Saturday, 9 May 2015

'Sculpture Victorious' at Tate Britain

On Friday afternoon I left work early to go to see the 'Sculpture Victorious' exhibition at Tate Britain. As you can probably guess from the title it's about Victorian sculpture and the poster for the exhibition features a glorious elephant of the Raj with a blanket on his back. I wasn't entirely sure what to expect when I walked through the doors but was pleasantly surprised.

It's quite a small exhibition - only 6 rooms - but the exhibits are nicely spaced out with lots of explanatory notes and, even better for me, it wasn't terribly busy late on a Friday afternoon. That meant I could mooch around as much as I wanted. I was a bit puzzled by the choice of an elephant on the exhibition poster - what's that trying to say? - but when I saw him in all his glory I decided that I'd love a shirt made to the same pattern as the blanket over his back. It would become my favourite.

The first room is full of Queen Victoria - Victoria as a young lady with her shoulders bare and Victoria as an old matron with lots of coverings and s sterner face. Not just busts of her, but medallions and other 3D representations. The next room was mainly medieval with a carved image of Eleanor of Aquitaine that was restored by the Victorians and partially sparked their interest in looking back. We also get a full sized knight and a rather odd statue of Elizabeth I. A far more entertaining depiction of Elizabeth is her seated and playing chess with Philip II of Spain, with ships as the chess pieces. It's very noticeable that Elizabeth is sitting proud and tall while Philip is more like a supplicant and his head is below hers. Appropriately, it's called 'A Royal Game' by William Reynolds-Stephens

Another room contained a lovely statue of 'Pandora' by Harry Bates and shows a young Pandora with her gazing at her box, probably wondering what's inside it and whether she should open it. Mankinds' plagues have not yet been released and she is young and innocent, in the first flush of womanhood with her life before her, crouching and holding this box that she seems to have just picked up. For a relatively large statue it has a delicate quality about it, a gentle image that doesn't hint at the dread that will happen if that small box is opened. The statue looks very smooth and the light glistens on the marble in little sparkles. A slip of the fingers and the world will change - be careful Pandora.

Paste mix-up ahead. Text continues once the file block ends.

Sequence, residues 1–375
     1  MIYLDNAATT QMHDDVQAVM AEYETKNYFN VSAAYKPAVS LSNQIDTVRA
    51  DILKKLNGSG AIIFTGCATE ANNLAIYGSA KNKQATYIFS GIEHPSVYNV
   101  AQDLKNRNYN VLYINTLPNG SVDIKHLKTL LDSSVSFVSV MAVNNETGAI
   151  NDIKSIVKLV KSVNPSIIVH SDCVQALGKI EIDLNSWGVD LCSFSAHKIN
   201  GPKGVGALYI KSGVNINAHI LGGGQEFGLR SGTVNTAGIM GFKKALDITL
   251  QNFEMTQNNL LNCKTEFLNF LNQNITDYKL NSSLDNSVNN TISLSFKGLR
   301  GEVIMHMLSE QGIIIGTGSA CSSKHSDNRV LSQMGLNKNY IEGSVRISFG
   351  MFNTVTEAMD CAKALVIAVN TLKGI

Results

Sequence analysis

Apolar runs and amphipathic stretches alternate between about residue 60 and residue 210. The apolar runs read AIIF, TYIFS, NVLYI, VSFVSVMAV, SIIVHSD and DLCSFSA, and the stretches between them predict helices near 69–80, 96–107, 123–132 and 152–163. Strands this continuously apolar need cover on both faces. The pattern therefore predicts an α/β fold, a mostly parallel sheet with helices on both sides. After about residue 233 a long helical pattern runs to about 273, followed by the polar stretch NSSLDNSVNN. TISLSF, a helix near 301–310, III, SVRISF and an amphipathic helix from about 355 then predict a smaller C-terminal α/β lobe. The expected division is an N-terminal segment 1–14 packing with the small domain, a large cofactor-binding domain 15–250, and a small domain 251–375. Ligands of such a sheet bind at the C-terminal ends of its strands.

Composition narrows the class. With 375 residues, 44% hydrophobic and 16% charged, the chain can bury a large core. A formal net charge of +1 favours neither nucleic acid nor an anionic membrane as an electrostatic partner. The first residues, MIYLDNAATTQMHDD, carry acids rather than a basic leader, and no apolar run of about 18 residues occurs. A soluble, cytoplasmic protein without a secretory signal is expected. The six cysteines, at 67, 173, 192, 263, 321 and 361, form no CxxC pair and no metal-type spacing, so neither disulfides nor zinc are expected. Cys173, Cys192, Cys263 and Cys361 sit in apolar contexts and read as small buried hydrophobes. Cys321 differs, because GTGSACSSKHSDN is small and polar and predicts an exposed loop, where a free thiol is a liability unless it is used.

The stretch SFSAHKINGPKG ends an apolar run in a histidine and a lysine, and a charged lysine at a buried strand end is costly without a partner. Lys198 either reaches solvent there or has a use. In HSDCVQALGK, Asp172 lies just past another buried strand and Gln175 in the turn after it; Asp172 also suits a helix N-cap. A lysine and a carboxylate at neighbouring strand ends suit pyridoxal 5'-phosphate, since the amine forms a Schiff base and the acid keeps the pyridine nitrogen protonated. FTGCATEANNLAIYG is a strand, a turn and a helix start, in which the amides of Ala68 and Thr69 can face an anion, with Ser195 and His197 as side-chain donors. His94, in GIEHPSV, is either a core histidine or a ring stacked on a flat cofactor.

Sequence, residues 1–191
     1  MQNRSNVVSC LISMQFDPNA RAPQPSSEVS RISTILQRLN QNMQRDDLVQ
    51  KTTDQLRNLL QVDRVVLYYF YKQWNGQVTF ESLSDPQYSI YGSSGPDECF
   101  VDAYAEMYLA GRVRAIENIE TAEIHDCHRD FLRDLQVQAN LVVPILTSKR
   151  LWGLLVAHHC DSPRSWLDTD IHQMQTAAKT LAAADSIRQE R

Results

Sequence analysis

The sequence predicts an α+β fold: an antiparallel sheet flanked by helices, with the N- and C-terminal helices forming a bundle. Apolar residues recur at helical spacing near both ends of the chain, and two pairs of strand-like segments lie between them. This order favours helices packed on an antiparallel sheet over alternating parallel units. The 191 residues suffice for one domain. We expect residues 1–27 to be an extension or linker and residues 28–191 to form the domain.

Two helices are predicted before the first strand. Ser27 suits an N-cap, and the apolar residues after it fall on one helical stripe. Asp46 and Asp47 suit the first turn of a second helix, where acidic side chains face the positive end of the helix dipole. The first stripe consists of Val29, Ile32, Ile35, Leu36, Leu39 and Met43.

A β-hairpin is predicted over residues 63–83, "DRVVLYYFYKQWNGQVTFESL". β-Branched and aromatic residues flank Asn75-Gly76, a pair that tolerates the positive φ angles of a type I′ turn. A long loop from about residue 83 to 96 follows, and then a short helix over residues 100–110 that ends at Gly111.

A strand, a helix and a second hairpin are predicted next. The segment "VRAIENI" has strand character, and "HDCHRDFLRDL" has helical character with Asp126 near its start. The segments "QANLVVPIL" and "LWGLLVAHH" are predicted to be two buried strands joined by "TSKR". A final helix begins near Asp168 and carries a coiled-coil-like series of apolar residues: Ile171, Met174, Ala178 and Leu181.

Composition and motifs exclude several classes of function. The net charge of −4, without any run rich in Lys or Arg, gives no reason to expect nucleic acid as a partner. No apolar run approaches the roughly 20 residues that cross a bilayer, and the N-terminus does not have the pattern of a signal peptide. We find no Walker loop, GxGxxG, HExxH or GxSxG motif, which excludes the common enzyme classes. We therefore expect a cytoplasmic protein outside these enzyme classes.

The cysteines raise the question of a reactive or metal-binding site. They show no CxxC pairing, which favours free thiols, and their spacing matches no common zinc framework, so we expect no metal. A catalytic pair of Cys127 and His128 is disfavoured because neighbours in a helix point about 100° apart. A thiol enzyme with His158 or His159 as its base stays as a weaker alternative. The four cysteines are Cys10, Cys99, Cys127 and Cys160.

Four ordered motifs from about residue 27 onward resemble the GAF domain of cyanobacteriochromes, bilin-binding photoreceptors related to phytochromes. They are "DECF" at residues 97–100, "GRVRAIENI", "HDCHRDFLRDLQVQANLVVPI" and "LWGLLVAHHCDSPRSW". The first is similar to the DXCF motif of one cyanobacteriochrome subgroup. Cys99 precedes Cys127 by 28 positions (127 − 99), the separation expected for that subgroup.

I think my favourite piece was a life-sized bronze statue of 'An Athlete Wrestling with a Python' and the look of concentration and determination in his face says that there's no way that python will win the contest.  The pose is very realistic with one foot clearly anchoring the wrestler - let's call him Fred - to the ground while the other foot is slightly raised, making Fred more mobile and able to twist and turn as the python wraps its coils around him. One arm holds the coils away from his torso and the vital organs protected under his ribs and Fred's other hand holds the python's head, thumb pressing into its throat. It's a very striking image, created by Lord Frederic Leighton, whose house in Kensington is now Leighton House Museum that I visited for the first time earlier this year. I didn't know he did bronzes so that's something I've learned.

It's a nice little exhibition with a good variety of exhibits, including the first, small model for the statue of Eros in Piccadilly Circus. There are a couple of very different statues of young men with bows, including this one. There's also a full sized reproduction outside the exhibition that is perfectly positioned for visitors to take photographs so I did. It's a very dramatic pose but I disapprove of the subject - it's called 'The Eagle Slayer' by John Bell. Obviously, that would be a bad thing.

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